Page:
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Cost-effective viticultural strategies to adapt to a warmer, drier climate


Climate change is already impacting the grape and wine sector in Australia. This project evaluated two vineyard management strategies to adapt to a water–constrained and warmer climate. One of the measurable effects on viticulture is that hotter temperatures are causing earlier and compressed ripening of grapes. This places a strain on harvesting and winery infrastructure and changes berry chemistry and resulting wine quality.

This project showed that delayed pruning is a practical, environmentally sound and economically viable tool to shift grape berry ripening. Experiments at two trial sites, including a commercial vineyard, showed that late pruning can delay grape ripening in Barossa Shiraz by up to two weeks, potentially spreading harvest with no deleterious effects on vine vigour, yield, grape quality or wine quality.

The second part of the project investigated the use of evaporative cooling in vineyards to counteract intense heat events. It appears that temperature effects of sprinklers on grapevine meso-climate are minimal and transient. Nonetheless, results from two Riverland trial sites showed a significant improvement in yield, a positive cost/benefit, reduction in grape sunburn and early indications of improved wine quality in “cooled” vines. Clearly another, unknown plant physiological response occurred.


It is well-acknowledged that climate change is impacting the grape and wine sector in Australia. Specific challenges due to warming include: (a) compressed harvests, (b) disruption of the balance between sugar, colour and flavour in ripening grapes, leading to high alcohol wines, and (c) potential loss of regional character due to warmer ripening conditions. Wineries lack the harvesting and crushing capacity to deal with a narrowing harvest window, leading to fruit becoming overripe and a reduction in quality. The expansion of processing facilities places more strain on a capital intensive industry. Viticultural practices are needed to deal with these challenges. 

The aim of the first part of the project was to test delayed pruning as a tool to counteract warming effects. Delayed pruning seeks to spread maturity, hence decompressing harvest, and shift berry development into cooler conditions, hence preserving the balance between sugar, colour and flavour and regional wine styles. Delayed pruning is environmentally and economically superior to double pruning and chemical treatments. 

Two trials were established with Shiraz in the Barossa Valley. First, using the open top chambers constructed in previous industry-funded projects, we increased vineyard temperature and evaluated the interaction between delayed pruning and temperature in SARDI’s experimental vineyard at Nuriootpa. Second, using large scale trials, we explored the feasibility of this practice in a commercial vineyard at Marananga. This trial further tested the carry-over effect of repeated late pruning. Three pruning dates were tested in both trials: winter control (current practice), budburst, and 2-3 leaves.

Delayed pruning was shown to satisfy four criteria. It shifted phenology and delayed grape maturity (by up to two weeks), was neutral or positive for yield, was neutral or positive for wine quality, was neutral for cost and fitted well with standard commercial vineyard practices. It is therefore a feasible practice to counteract the negative effects of global warming on viticulture and winemaking.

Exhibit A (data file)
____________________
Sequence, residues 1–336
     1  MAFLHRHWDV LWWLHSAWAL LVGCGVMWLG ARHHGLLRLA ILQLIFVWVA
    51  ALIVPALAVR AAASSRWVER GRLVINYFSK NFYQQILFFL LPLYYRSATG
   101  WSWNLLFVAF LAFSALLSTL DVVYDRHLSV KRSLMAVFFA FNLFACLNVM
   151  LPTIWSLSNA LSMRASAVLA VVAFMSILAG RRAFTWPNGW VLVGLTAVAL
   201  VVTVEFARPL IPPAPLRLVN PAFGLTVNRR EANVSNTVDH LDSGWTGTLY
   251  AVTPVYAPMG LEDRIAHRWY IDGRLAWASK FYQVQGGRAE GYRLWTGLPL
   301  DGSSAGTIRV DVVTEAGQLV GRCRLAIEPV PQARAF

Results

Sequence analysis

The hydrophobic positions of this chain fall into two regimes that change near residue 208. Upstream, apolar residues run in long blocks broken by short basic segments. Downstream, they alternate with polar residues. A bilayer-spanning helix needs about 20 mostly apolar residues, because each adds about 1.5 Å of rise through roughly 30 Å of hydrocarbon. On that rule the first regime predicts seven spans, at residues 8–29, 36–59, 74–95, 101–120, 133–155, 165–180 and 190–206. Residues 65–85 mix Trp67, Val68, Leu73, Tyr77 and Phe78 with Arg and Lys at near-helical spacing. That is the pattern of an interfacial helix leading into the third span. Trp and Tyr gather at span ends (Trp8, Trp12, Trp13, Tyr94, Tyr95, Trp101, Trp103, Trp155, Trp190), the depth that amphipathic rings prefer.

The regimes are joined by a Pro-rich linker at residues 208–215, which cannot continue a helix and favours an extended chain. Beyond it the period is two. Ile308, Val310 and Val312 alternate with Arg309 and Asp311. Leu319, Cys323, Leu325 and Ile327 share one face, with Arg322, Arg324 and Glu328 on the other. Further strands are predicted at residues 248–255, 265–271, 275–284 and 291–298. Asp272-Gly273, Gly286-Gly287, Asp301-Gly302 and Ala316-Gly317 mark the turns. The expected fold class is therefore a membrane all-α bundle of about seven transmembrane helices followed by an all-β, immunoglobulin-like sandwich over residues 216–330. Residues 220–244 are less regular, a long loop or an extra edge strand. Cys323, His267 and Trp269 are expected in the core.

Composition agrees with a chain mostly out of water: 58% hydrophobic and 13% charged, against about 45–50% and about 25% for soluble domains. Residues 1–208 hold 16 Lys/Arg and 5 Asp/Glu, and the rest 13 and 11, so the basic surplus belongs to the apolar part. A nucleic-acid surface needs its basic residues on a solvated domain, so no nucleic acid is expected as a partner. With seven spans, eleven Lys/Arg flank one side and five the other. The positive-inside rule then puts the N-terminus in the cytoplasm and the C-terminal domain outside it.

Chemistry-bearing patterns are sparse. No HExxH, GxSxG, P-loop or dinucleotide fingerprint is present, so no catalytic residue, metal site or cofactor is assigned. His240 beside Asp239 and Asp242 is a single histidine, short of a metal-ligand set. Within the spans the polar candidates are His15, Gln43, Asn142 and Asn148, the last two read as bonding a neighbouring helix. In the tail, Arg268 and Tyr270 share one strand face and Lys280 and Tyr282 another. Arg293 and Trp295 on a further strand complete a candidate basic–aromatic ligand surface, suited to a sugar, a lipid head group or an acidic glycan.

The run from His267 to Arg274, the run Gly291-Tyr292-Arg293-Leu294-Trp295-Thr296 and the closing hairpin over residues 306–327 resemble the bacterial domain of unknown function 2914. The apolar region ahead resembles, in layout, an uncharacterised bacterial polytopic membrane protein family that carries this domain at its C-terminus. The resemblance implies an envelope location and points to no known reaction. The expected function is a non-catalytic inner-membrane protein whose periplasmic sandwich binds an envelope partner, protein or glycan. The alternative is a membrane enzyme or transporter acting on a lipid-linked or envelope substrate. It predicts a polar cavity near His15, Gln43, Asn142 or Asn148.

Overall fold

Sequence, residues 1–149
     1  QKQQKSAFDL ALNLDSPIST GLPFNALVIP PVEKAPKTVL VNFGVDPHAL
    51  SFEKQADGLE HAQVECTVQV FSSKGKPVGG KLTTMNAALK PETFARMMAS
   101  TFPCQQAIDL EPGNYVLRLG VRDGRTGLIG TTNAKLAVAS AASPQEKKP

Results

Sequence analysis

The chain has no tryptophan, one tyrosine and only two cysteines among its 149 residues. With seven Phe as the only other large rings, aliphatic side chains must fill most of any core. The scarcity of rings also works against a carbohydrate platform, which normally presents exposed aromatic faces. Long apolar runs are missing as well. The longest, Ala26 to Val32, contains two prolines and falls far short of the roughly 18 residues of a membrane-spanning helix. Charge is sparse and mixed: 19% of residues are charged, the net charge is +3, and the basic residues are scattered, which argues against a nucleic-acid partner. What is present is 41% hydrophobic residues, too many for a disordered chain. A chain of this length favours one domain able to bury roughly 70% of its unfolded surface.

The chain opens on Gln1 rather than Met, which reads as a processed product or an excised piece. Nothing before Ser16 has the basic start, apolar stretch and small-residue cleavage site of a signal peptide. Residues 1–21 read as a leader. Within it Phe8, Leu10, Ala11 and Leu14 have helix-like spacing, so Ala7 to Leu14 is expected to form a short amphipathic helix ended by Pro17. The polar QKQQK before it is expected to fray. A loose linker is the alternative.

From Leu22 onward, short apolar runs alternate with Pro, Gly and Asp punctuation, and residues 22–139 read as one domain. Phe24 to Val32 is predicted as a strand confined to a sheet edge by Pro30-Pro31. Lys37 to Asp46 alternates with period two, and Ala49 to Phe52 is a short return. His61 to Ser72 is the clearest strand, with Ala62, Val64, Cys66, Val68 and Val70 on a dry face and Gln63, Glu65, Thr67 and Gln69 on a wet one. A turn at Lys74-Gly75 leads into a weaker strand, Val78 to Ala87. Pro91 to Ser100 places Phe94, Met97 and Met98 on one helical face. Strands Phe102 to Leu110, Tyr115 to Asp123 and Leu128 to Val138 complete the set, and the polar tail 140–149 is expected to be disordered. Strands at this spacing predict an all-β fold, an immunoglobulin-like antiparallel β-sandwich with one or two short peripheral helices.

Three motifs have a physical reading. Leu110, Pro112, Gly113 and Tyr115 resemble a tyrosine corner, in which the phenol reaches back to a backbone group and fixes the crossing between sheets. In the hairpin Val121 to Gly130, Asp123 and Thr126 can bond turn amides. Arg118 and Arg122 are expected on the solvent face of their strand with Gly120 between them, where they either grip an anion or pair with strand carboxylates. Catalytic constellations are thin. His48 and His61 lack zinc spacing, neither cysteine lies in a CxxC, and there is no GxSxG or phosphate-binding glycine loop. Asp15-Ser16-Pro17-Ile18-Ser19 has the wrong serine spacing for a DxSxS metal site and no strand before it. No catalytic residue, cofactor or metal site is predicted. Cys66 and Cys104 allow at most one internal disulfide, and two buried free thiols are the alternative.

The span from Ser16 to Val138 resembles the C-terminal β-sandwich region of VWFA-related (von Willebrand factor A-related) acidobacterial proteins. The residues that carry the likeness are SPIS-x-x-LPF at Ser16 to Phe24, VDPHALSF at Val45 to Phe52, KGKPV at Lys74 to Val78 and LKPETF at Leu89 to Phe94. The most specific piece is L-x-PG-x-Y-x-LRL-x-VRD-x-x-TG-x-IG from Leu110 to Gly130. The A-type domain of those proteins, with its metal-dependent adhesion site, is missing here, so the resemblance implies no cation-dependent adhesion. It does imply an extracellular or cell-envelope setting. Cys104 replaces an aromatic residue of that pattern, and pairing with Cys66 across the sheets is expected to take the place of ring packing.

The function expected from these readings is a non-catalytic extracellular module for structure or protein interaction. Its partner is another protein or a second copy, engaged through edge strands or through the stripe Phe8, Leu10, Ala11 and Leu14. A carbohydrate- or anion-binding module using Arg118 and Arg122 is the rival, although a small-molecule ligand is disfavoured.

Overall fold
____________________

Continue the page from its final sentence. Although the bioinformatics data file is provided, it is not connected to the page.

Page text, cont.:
Another consequence of a changing climate is the increasing occurrence of extreme heat events. Several successive hot nights, rather than hot days, appears to result in permanent damage to vine canopies and crop (leaf and berry scorch or sunburn). One strategy to reduce the impact of heatwaves is therefore evaporative cooling of vineyards during hot nights. Such use of water is a trade-off with water use efficiency as this water is specifically applied to evaporate, however, if successful, this technique may a have positive cost-benefit ratio.

Three large-scale field experiments were established, two in the SA Riverland and one in Coonawarra, to investigate the effectiveness of under- and over-canopy sprinklers on lowering vineyard temperature during hot nights experienced during a heatwave. Large temperature data sets were generated during several heatwave events during the 2015/16 season, however there was little effect on temperature and humidity within the meso-climate of the bunch zone and vine canopy. At the two Riverland sites there was a 20-30% increase in yield as a result of activating under canopy sprinklers on just six nights between December and harvest in late January/early February. The value of the additional crop far outweighed the cost of the water used for cooling. In addition, there was a significant increase in yeast available nitrogen in must, which resulted in more rapid fermentation. Early indications suggest differences in wine sensory attributes; these will be reported later.

In summary, this work has demonstrated that activating under canopy sprinklers only at night during heatwaves had only a minor impact on temperature within the canopy, however there was a large, yet unexplained, increase in yield and positive impacts on grape must and potentially wine quality.

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This content is restricted to wine exporters and levy-payers. Some reports are available for purchase to non-levy payers/exporters.